Incorporated in 1903, the city was originally promoted as a “city of homes” and many have historical significance. There are various styles; craftsman, bungalow, Spanish Mediterranean, Spanish colonial, Italian Beaux-arts and others. Twenty-six single-family residential areas have been designated as historical neighborhoods.
The downtown area at the intersection of Main and Garfield has been the center of the business district since 1895. Having undergone a number of construction changes over the years it is still the main point to start shopping. Along Main Street, there are a number of car dealerships making it very much a destination for anyone looking to buy a new car.
Alhambra has experienced waves of new immigrants, beginning with Italians in the 1950s, Mexicans in the 1960s, and Chinese in the 1980s. As a result, a very active Chinese business district has developed on Valley Boulevard, including Chinese supermarkets, restaurants, shops, banks, realtors, and medical offices. Just around the corner from our home was an old Bob’s Big Boy Restaurant that was turned into a popular Asian restaurant, Noodle World – our go-to fast food spot for years.
Alhambra has also been in the movies! NCIS, NCIS-Los Angeles, Father of the Bride and other TV and movies have used parts of Alhambra over the years.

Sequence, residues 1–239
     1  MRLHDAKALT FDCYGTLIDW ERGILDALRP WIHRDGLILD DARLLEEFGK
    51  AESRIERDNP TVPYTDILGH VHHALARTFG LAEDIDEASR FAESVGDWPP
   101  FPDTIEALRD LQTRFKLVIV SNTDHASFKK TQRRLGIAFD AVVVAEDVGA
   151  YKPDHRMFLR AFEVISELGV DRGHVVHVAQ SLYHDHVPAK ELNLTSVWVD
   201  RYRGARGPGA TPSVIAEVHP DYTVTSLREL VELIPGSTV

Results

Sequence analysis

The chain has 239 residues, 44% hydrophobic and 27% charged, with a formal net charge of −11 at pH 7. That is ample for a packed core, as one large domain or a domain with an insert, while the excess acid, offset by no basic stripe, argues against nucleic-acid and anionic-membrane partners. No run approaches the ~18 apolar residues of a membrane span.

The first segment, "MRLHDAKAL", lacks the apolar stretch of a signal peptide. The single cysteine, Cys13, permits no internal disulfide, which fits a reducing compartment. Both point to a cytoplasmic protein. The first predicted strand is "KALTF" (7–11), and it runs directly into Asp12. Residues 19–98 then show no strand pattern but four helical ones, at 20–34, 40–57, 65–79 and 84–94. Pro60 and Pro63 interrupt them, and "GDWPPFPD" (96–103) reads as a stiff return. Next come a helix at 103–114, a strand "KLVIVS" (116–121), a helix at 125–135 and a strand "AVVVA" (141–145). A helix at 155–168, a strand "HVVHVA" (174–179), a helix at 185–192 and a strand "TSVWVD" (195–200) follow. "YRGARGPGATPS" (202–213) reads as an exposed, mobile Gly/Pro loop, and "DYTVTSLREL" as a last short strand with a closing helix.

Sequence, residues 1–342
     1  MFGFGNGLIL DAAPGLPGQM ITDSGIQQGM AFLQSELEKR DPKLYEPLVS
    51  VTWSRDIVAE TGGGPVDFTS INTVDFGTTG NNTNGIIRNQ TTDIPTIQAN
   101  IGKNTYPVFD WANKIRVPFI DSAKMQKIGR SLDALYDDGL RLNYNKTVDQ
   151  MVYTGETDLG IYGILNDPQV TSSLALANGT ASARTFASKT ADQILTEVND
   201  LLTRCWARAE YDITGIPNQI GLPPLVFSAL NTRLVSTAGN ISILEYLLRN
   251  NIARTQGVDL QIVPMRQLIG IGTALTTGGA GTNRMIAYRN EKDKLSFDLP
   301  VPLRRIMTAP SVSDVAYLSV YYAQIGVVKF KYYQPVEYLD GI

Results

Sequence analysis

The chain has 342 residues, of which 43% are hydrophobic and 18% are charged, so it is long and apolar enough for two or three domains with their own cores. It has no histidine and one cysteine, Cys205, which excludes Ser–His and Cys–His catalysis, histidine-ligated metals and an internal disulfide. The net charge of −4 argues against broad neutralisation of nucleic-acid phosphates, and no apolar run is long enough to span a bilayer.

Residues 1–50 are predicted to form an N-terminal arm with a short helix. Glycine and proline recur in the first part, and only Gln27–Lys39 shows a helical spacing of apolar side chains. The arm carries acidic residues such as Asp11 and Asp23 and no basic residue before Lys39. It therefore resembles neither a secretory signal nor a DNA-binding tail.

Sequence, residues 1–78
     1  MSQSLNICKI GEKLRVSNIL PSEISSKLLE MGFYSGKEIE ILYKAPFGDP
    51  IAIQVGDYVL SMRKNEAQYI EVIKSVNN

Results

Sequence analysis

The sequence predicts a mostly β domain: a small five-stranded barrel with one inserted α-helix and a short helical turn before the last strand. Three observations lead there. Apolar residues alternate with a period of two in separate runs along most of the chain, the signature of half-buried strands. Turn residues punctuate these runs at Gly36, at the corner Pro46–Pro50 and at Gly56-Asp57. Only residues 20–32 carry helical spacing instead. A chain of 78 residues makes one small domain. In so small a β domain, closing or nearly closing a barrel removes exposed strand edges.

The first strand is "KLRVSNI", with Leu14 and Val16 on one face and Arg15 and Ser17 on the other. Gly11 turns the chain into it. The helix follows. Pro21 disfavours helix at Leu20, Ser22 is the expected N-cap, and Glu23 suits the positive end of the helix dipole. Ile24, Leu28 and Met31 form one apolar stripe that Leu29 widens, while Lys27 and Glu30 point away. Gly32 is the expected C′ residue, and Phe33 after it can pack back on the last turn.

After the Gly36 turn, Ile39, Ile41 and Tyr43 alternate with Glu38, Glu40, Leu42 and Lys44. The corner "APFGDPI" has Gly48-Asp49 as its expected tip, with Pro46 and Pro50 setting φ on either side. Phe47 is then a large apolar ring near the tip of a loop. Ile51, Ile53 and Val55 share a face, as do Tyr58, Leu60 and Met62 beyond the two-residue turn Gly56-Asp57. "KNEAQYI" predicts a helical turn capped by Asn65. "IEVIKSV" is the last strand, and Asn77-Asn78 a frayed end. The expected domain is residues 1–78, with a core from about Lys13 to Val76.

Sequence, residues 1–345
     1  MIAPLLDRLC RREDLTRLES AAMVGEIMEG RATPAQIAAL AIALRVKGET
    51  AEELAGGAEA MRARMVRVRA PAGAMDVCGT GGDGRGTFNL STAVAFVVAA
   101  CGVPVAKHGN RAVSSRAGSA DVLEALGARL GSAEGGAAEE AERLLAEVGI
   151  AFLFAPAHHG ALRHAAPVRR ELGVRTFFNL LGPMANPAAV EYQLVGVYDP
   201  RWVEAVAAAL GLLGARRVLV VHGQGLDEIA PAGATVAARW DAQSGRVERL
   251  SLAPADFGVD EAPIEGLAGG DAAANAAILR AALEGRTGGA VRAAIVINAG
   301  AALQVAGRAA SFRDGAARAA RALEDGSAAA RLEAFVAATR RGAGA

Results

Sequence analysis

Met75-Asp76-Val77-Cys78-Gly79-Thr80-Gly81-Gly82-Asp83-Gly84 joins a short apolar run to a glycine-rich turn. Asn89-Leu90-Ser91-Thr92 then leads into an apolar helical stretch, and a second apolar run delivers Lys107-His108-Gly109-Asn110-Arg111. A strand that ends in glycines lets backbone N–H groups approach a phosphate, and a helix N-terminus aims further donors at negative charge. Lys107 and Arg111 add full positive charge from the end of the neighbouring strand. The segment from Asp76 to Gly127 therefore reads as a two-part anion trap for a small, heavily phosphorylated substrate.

a legendary record producer who did a number of records for the Beatles and others, lived in Alhambra for many years in what was called the Pyrenees Castle built in 1926.
In 2003, actress Lana Clarkson was shot to death in his Alhambra home and in 2009, Spector was convicted of second-degree murder in connection with Clarkson’s death. This was national news for several months.
The Hat, a local icon, was opened in Alhambra in 1951. It was the original, family-owned outdoor restaurant, and is now a well-known small Southern California chain. The company has kept to its roots by keeping its retro neon signs featuring a chef’s toque and the words “World Famous Pastrami”. It was a prototype of today’s fast-food restaurants. Its customers consume 13–15 tons of pastrami per week – we have had our share over the years but NOTHING close to the amount they sell on a regular basis. Another favorite over the years has been Pepe’s Mexican Restaurant.